Due diligence and disclosure

Scope of due diligence

What is the typical scope of due diligence in your jurisdiction? Do sellers usually provide due diligence reports to prospective buyers? Can buyers usually rely on due diligence reports produced for the seller?

Usually, there is an (electronic) data room that the buyer may use for its due diligence. Due diligence normally includes all aspects and covers business, financial, tax, environmental, employment, pension, insurance, compliance and legal matters. Sellers may also provide a vendor due diligence report to prospective buyers. Vendor due diligence reports are normally produced by external specialists. Scope and form of reliance vary on a case-by-case basis.

Liability for statements

Can a seller be liable for pre-contractual or misleading statements? Can any such liability be excluded by agreement between the parties?

A seller can be liable for pre-contractual or misleading statements (see question 10). In practice, such pre-contractual liability is rare, unless there is a manifest violation of the principle of good faith. It cannot be excluded contractually.

Publicly available information

What information is publicly available on private companies and their assets? What searches of such information might a buyer customarily carry out before entering into an agreement?

Private companies must be registered in the commercial register (www.zefix.ch). Among other things, its share capital, the purpose of the company, and its directors and officers and their respective signatory power are registered. In addition, certain documents such as the articles of incorporation can be obtained from the commercial register. Other publicly available information can be found in the land register and the debt enforcement register. While access to the commercial register is unrestricted, the land and the debt enforcement registers can be inspected only after having shown evidence for a prima facie legitimate interest.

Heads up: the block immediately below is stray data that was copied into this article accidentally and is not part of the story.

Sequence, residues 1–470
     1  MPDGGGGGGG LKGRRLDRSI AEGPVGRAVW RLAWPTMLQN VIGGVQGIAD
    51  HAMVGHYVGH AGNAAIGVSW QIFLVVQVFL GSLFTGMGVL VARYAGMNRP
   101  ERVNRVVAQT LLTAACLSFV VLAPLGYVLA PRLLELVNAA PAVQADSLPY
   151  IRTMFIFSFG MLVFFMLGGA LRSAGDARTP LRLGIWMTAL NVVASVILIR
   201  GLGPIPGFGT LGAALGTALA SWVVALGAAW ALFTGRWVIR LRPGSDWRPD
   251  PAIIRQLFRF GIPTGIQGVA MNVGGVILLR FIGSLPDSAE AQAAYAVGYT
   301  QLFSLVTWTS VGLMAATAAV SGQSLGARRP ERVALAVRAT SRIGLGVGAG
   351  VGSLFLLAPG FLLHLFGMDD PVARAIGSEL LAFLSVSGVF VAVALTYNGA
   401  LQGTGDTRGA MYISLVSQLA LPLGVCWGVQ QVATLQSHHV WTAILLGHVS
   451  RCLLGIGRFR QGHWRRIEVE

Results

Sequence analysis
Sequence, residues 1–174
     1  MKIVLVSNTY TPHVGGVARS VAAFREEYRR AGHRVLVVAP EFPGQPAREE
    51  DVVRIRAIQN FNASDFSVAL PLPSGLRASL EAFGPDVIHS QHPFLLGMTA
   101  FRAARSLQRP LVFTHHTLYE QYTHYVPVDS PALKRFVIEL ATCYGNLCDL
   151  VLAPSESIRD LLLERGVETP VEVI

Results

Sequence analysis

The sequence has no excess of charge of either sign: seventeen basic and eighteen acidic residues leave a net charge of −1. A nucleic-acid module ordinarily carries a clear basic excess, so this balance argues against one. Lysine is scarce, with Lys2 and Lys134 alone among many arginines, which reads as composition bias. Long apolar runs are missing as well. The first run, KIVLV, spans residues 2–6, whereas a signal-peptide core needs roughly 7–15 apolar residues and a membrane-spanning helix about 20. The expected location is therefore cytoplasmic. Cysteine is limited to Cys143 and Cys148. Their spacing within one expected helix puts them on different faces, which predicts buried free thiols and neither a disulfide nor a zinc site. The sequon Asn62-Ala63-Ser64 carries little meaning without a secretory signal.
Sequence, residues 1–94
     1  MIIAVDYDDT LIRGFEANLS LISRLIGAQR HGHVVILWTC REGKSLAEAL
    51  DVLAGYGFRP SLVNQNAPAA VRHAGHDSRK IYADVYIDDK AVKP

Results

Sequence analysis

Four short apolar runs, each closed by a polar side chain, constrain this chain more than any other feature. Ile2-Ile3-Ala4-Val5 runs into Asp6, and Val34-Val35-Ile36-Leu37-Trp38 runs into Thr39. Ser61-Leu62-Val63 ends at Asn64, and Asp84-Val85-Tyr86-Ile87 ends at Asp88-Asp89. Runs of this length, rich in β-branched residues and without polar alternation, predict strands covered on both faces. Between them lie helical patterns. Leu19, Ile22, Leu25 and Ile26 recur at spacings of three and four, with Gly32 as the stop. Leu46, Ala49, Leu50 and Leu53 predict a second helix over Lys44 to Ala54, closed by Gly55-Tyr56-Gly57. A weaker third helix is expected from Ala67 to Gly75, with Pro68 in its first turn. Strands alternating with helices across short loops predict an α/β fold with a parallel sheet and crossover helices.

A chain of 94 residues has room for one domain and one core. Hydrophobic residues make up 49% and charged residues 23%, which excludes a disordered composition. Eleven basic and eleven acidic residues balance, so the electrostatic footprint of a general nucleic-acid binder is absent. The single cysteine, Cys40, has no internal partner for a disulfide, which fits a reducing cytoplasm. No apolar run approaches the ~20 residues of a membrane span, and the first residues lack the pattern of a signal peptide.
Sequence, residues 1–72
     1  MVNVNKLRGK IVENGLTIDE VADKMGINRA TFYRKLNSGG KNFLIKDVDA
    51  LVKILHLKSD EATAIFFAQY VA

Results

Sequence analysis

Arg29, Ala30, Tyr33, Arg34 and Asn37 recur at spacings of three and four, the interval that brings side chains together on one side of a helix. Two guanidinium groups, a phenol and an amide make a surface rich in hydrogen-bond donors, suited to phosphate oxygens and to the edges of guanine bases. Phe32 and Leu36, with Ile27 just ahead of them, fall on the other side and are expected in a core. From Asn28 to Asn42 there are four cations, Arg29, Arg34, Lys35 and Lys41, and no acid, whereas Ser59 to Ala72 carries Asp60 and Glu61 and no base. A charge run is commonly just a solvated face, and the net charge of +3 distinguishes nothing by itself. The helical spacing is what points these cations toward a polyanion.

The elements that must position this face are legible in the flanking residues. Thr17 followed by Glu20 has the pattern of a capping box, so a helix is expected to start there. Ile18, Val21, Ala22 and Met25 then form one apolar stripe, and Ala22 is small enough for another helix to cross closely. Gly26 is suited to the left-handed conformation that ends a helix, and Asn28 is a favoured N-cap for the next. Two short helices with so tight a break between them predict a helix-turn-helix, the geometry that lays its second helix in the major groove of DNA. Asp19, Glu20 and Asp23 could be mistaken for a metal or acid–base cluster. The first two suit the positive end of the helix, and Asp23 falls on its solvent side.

Impact of deemed or actual knowledge

What impact might a buyer’s actual or deemed knowledge have on claims it may seek to bring against a seller relating to a transaction?

Unless otherwise agreed, the buyer is deemed to have knowledge of any facts including the disclosed information.

In the event of a breach of contractual representations and warranties, the liability of the seller is usually contractually excluded if the buyer had or should have had knowledge of the matter. The transaction agreement usually provides that the buyer has knowledge only of facts and circumstances that have either been fairly disclosed in the data room or that are explicitly referred to in the disclosure schedules to the transaction agreement.